Sir Walter Scott; Raeburn’s 1822 portrait
A notable feature of modern Paganism is the Shamanic belief in Spirit Guides or Otherworldly Allies: altruistic beings from beyond the physical world who are willing to assist those who call upon them for advice or instruction. A fascinating something discovered in Walter Scott’s nineteenth century Letters on Demonology and Witchcraft (based upon his research into the Scots Witch Trials of a few centuries prior) is the frequent performance of Faeries as Spirit Guides to Scots people. In a previous post, we looked at the 1576 case of Bessie Dunlop and the helpful ghost who dwelt with the Court of Elfland and who “assisted her with his counsel,” giving her herbs “with his own hand,” and teaching her how to make herbal ointments to heal the sick, in addition to advising her as how to answer those who sought her aid in recovery of things lost or stolen. Her supernatural partner enabled Bessie to flourish in her career as a Wise-Woman, until the skeptical and accusatory eyes of sixteenth century Scots authorities fell upon her.
An individual with a story similar to Bessie’s was Alison Pearson of Byrehill, who in 1588 faced trial “for the invocation of the spirits of the devil, specially in the vision of one Mr. William Sympson,” a deceased relative (her cousin) whom she “affirmed was a great scholar and doctor of medicine, dealing with charms” and (it was alleged by authorities) “abusing the ignorant people.” (Any otherworldly beings not obviously associated with the Christian faith, such as ghosts or fays, were reflexively associated with the Devil during the Burning Times, just as those who dealt in charms were often accused of abusing or taking advantage of persons so ignorant or backward as to believe in charms and witchcraft.) As Scott points out, Alison Pearson (like Bessie Dunlop) “had also a familiar in the court of Elfland.” (Familiars, or spirits who promoted the workings of Witchcraft for the Witch with which they were “familiar,” are stereotypically thought of as animals or animal-like, but at least in Scotland, could be spirits of the departed as well.)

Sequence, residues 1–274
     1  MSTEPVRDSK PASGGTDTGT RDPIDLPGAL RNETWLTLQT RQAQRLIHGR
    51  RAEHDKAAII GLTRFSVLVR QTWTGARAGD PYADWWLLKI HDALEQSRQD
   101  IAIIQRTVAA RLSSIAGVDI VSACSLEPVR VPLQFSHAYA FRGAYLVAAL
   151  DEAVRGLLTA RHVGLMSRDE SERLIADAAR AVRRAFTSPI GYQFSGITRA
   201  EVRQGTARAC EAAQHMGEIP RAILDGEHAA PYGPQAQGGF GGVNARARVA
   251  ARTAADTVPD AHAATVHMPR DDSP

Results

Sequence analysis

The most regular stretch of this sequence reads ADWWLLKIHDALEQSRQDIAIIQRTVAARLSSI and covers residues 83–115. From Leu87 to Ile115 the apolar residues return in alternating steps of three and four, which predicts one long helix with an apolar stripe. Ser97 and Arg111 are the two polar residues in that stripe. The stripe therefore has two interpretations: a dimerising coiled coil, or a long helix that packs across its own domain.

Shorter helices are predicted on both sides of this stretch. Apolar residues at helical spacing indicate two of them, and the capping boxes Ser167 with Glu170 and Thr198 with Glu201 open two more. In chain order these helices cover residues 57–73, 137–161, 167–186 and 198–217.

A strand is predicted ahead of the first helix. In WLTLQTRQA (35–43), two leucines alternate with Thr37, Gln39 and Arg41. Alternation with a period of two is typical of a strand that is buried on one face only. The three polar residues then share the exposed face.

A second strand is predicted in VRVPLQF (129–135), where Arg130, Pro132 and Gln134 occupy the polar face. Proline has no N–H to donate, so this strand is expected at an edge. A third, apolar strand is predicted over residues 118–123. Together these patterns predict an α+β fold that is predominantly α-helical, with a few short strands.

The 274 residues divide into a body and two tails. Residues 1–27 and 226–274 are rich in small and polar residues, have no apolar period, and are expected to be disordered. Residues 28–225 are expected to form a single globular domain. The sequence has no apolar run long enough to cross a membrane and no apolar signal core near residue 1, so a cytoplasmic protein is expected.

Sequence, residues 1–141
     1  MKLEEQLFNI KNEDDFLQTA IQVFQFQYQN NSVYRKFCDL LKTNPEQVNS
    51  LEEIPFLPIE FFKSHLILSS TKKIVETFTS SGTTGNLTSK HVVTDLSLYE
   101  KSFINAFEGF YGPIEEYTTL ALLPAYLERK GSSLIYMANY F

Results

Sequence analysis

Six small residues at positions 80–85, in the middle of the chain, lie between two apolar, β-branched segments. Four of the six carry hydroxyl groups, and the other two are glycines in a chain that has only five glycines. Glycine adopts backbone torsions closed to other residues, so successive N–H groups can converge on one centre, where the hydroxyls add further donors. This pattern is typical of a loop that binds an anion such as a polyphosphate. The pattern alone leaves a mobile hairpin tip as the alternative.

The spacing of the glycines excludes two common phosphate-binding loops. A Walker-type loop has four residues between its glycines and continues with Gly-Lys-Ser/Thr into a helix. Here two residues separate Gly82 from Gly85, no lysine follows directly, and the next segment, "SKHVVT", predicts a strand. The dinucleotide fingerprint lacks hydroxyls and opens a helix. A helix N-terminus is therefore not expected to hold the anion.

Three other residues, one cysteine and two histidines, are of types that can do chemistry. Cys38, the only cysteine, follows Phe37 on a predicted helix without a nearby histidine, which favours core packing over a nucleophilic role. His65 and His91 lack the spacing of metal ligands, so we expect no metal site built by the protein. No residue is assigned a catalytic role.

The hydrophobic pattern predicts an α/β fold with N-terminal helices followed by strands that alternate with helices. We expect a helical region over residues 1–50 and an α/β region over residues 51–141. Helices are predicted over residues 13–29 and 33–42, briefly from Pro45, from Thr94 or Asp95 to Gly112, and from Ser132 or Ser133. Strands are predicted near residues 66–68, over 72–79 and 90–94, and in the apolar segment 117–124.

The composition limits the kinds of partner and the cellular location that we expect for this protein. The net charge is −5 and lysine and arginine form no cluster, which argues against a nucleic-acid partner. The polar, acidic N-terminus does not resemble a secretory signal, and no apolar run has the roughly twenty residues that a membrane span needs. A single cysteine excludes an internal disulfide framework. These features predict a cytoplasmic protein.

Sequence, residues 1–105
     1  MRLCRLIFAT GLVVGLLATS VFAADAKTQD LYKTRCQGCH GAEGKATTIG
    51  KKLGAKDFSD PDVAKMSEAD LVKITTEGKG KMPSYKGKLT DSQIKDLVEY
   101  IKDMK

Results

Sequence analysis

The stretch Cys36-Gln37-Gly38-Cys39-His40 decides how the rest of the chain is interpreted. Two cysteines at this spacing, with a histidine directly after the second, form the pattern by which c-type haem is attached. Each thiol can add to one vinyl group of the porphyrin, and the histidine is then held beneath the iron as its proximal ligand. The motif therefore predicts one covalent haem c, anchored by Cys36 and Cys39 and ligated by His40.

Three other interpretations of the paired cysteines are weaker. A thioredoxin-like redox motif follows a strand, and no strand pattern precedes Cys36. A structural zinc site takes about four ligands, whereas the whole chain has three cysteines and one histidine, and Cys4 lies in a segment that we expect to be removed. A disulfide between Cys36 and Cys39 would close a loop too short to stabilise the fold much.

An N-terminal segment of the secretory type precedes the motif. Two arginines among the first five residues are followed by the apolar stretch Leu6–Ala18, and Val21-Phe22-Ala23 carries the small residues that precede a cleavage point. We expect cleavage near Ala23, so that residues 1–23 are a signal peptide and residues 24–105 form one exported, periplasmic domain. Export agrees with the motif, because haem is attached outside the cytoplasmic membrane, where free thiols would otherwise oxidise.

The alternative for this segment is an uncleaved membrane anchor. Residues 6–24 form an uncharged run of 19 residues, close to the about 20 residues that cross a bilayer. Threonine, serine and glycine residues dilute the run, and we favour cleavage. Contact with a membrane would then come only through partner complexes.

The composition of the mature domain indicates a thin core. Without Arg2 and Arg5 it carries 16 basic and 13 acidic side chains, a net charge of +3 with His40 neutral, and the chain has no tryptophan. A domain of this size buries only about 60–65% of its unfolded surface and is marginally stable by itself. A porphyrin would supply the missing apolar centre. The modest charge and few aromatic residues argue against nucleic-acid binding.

Alison’s cousin (her mother’s brother’s son), William Sympson of Stirling, had an interesting history. He had been taken away to Egypt (so she said) by a “Gipsy” (a person of Egypt), where he remained for the space of twelve years (presumably learning many interesting and occult things, as Egypt was stereotypically thought of as a place where the esoteric practices of magickal antiquity held strong; there is a curious off-hand reference to Sympson’s father, the king’s smith of Stirling, during this period: he had “died in the meantime for opening a priest’s book and looking upon it,” alarmingly giving the impression that the contents of priests’ books were so closely guarded that looking upon them invited death, either through divine retribution, or that of authorities.) Sympson (then deceased) was “with” the Faeries (so Alison said), and as with Bessie Dunlop and her ghostly counselor, “taught her what remedies to use, and how to apply them.” No less a personage than the Archbishop of St. Andrews (called by Scott “celebrated,” an “excellent divine and accomplished scholar”) made resort to Alison for remedy of illness, drinking “with good faith and will” a claret “medicated with the drugs she recommended,” and was complicit in her transference of “the bishop’s indisposition from himself to a white palfrey [a horse], which died in consequence,” which as Scott allows, “accorded to the belief of the time.” Regrettably, this cooperation with a Wise-Woman resulted in charges against the bishop, who was supposed to have trusted in God to relieve his infirmities, rather than a Witch.
Quaint illustration of Witches flying around a rural Kirk
Alison’s extra-worldly cohorts were not confined to the shade of her cousin, however; as she told it, she was felled by an illness while passing through Grange Muir one day; at which incapacitated point, “a green man came to her, and said if she would be faithful he might do her good.” Afterwards, the “green man” returned with “many men and women with him.” Against her will (so she said), she “passed with them farther than she could tell, with piping, mirth, and good cheer.” Speaking of these things, however, left her “sorely tormented,” and in receipt of a “blow that took away the power of her left side, and left on it an ugly mark which had no feeling.” In her confessions before authorities, she affirmed that she had seen (before sunrise) the “good neighbors” making salves with pans and fires. Sometimes the “good neighbors” would appear in forms so fearful as to frighten her; other times, however, “they spoke her fair, and promised her that she should never want if faithful,” but threatened her with martyrdom and punishment “if she told of them and their doings.” (A common superstition concerning the Good Folk was a taboo against speaking of one’s experiences with them.) Alison’s relationship with the Elfin court was conflicted; she “boasted of her favor with the Queen of Elfland and the good friends she had at that court, notwithstanding that she was sometimes in disgrace there and had not seen the queen in seven years.” As Scott points out, her ghostly advisor and the friendship of the Fays availed Alison no better than did Bessie Dunlop’s supernatural associate: the “margin of the court-book again bears the melancholy and brief record, ‘Convicta et combusta’ [convicted and burned].”